• Charles Seife, who used to think that a modern, democratic society had to be a scientific one.

    I used to think that a modern, democratic society had to be a scientific society. After all, the scientific revolution and the American Revolution were forged in the same flames of the enlightenment. Naturally, I thought, a society that embraces the freedom of thought and expression of a democracy would also embrace science.

    However, when I first started reporting on science, I quickly realized that science didn't spring up naturally in the fertile soil of the young American democracy. Americans were extraordinary innovators — wonderful tinkerers and engineers — but you can count the great 19th century American physicists on one hand and have two fingers left over. The United States owes its scientific tradition to aristocratic Europe's universities (and to its refugees), not to any native drive.

    In fact, science clashes with the democratic ideal. Though it is meritocratic, it is practiced in the elite and effete world of academe, leaving the vast majority of citizens unable to contribute to it in any meaningful way. Science is about freedom of thought, yet at the same time it imposes a tyranny of ideas.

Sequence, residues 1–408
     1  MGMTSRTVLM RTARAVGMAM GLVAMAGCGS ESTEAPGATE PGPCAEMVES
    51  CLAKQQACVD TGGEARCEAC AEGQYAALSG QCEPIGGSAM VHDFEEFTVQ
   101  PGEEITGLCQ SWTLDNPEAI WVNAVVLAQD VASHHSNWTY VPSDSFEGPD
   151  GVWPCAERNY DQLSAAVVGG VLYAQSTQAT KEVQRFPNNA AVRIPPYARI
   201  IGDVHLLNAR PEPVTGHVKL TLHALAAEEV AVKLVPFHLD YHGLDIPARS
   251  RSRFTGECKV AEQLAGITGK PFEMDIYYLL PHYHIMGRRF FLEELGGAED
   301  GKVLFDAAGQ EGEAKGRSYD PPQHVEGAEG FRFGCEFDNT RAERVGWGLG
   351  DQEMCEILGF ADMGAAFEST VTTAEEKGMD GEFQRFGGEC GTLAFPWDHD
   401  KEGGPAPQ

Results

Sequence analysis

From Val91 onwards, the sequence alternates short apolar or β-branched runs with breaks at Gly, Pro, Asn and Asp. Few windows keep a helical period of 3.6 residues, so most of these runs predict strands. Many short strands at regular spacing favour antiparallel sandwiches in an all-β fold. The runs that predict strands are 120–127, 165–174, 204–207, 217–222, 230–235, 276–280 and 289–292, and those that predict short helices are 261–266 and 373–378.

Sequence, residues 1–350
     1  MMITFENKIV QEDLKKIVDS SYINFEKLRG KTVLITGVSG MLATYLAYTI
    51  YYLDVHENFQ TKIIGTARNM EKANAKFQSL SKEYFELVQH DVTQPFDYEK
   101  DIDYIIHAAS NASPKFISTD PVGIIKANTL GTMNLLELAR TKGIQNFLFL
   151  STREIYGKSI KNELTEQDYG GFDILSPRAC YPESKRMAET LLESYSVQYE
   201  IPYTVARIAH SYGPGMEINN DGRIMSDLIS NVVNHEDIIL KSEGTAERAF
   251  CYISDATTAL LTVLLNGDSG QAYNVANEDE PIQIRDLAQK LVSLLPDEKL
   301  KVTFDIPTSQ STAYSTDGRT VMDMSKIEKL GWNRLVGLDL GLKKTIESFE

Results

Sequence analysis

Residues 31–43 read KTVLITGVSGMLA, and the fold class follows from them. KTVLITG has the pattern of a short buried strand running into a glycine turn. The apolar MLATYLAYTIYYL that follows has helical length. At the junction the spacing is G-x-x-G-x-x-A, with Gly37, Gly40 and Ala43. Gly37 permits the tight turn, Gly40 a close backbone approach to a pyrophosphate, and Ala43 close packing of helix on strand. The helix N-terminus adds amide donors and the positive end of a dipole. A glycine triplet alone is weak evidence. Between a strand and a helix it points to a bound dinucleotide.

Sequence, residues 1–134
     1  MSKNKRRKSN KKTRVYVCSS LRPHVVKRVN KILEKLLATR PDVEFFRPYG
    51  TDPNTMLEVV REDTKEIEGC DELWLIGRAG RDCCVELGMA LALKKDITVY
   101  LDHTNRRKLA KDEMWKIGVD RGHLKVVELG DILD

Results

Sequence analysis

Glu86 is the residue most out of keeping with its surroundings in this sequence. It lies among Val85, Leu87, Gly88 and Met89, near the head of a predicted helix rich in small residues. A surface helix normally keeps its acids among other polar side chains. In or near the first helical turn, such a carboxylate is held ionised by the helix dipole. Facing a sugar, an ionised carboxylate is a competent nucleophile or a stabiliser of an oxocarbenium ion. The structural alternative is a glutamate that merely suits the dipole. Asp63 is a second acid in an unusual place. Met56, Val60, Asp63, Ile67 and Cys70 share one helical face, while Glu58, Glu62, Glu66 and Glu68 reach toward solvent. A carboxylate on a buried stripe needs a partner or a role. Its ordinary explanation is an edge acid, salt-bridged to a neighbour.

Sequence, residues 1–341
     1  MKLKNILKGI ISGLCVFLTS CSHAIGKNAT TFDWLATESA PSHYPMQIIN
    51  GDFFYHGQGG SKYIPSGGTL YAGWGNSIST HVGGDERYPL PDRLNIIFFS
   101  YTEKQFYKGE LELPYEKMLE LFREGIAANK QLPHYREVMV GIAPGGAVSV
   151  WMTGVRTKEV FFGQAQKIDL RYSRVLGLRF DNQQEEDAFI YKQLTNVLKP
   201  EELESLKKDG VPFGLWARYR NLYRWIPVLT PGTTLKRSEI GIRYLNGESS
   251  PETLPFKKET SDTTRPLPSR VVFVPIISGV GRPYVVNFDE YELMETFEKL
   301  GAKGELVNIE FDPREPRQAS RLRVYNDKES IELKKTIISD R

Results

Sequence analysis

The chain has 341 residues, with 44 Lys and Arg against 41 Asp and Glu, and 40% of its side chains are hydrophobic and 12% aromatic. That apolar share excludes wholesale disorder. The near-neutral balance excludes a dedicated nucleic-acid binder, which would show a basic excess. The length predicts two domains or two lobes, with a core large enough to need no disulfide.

Link

What have you changed your mind about? And Why? I'll start - you can read what I changed my mind about in the comment.


Newest 5
Newest 5 Comments

Dear Friends,

I am imagining that the following questions are rhetorical ones to many people in the EDGE community.

“Why are politicians and skeptics so willing to risk their future and everyone else’s future on blindly clinging to a course of action that has a high probability of leading to a seriously crippled future? If you even suspect that global warming represents a serious risk to your survival (and we have far more than suspicion these days), why wouldn’t you do everything protect and conserve your planet?”